NICOSIA — A report from the Council of Europe's Group of Experts on Action against Trafficking in Human Beings (GRETA) found Cyprus a key destination for smugglers especially exploiting women for sex, forced marriages and labor, with a low conviction rate.
GRETA expressed concern over Cyprus’ failure to grant free legal aid and expertise to trafficking victims during criminal proceedings but lauded the government for sharply increasing penalties for human trafficking and criminalizing the use of victims for sex.
It also welcomed the setting up of a facility that makes it possible to limit the number of interviews that child abuse victims must undergo.
But the report noted that from 2015-19, no legal aid was provided to trafficking victims in Cyprus. Although victims can seek financial compensation and damages through criminal or civil proceedings, the authors found no examples of a criminal court granting such compensation in human trafficking cases.
The GRETA report urges the government of Cyprus to set up a victim support fund and to ensure convicted perpetrators compensate victims.
The authors of the report also urged Cypriot authorities to step up human trafficking investigations given the low conviction rate – especially in labor exploitation cases. According to the report, police submitted 58 trafficking cases for prosecution during 2015-18but only nine cases resulted in final convictions.
The report recommendations more training for prosecutors and judges so human trafficking charges aren’t downgraded to offenses that carry lighter penalties and make victims ineligible for aid and compensation.
GRETA also said asylum-seekers who are presumed to be trafficking victims may be exposed to sexual or other exploitation because they receive a low allowance and are expected to find somewhere to live.
The group said over the four-year review period, 190 out of 801 presumed trafficking victims, mostly women, were formally identified as such.
The main form of exploitation cited in the report was sex followed by forced marriage, labor and a combination of sex and labor. Almost all male victims were trafficked for labor exploitation. There were seven child trafficking victims.
The evaluation concluded that Cyprus continues to be primarily a country of destination for trafficked persons although the government established a national referral mechanism in 2016 and a new plan for 2019-2021 was adopted in September, 2019.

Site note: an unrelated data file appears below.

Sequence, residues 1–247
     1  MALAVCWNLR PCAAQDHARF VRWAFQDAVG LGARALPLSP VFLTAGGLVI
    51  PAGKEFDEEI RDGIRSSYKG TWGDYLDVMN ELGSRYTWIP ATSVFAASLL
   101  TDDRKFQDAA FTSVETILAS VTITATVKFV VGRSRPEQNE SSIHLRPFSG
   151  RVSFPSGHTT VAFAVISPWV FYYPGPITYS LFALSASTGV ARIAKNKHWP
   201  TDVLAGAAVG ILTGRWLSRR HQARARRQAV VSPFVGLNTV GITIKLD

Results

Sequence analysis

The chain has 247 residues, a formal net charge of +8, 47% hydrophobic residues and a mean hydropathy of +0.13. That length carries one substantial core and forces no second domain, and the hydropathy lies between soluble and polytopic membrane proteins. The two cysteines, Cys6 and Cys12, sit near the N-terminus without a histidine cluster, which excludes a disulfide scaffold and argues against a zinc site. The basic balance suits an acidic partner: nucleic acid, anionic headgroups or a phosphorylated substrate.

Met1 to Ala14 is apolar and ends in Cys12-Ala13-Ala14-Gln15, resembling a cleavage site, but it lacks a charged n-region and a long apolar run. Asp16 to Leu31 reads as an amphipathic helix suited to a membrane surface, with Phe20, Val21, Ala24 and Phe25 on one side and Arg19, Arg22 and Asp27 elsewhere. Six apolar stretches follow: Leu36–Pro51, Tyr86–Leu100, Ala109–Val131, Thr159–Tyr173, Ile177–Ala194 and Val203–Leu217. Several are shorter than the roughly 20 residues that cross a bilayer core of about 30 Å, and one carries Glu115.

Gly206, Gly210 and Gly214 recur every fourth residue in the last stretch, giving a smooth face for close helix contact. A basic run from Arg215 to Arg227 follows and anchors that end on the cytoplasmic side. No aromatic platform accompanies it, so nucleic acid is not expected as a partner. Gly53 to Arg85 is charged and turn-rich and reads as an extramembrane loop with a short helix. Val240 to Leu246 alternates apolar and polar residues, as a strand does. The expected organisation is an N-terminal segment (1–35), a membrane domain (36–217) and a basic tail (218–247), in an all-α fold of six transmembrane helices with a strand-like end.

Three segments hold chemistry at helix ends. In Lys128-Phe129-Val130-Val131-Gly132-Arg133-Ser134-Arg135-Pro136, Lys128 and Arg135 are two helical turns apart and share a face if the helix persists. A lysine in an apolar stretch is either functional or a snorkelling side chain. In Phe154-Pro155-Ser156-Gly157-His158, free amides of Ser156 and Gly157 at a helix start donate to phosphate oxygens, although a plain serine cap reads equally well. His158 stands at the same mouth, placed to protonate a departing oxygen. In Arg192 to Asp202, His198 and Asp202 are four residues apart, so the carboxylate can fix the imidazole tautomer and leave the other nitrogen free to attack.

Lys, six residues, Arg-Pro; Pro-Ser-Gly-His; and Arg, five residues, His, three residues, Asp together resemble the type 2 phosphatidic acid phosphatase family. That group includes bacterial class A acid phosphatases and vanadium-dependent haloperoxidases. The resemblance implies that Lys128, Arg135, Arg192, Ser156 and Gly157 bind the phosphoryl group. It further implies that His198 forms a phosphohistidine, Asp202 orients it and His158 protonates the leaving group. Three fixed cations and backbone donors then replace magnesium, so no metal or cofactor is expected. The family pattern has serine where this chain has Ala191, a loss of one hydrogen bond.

It said that according to the national plan, initial information on victims’ rights should be provided by the social welfare services, which act as the first point of contact with victims, The Cyprus Mail reported.
“However, the procedure is reportedly not always followed. GRETA considers that the Cypriot authorities should strengthen the provision of information to presumed and formally identified victims of trafficking regarding their rights, the services available and how to access them, as well as the implications of being identified as a victim of trafficking,” the report also said.
It also said that no legal aid is provided to victims of trafficking before or during investigations, and only two applications for legal aid for the purpose of claiming compensation had been approved by the attorney general’s office.
“GRETA urges the Cypriot authorities to strengthen their efforts to facilitate and guarantee access to justice for victims of trafficking by ensuring that they receive specialised legal assistance and free legal aid at an early stage of the criminal proceedings,” the report said, according to the newspaper.
Victims of trafficking are also allowed to claim compensation through criminal proceedings or a civil claim but none were reported and a victim support fund has been delayed “and no victim has so far received state compensation in Cyprus,” it said. GRETA urged authorities to adopt measures to facilitate and guarantee access to compensation that cases are “investigated more promptly, prosecuted successfully, and lead to effective, proportionate and dissuasive sanctions.”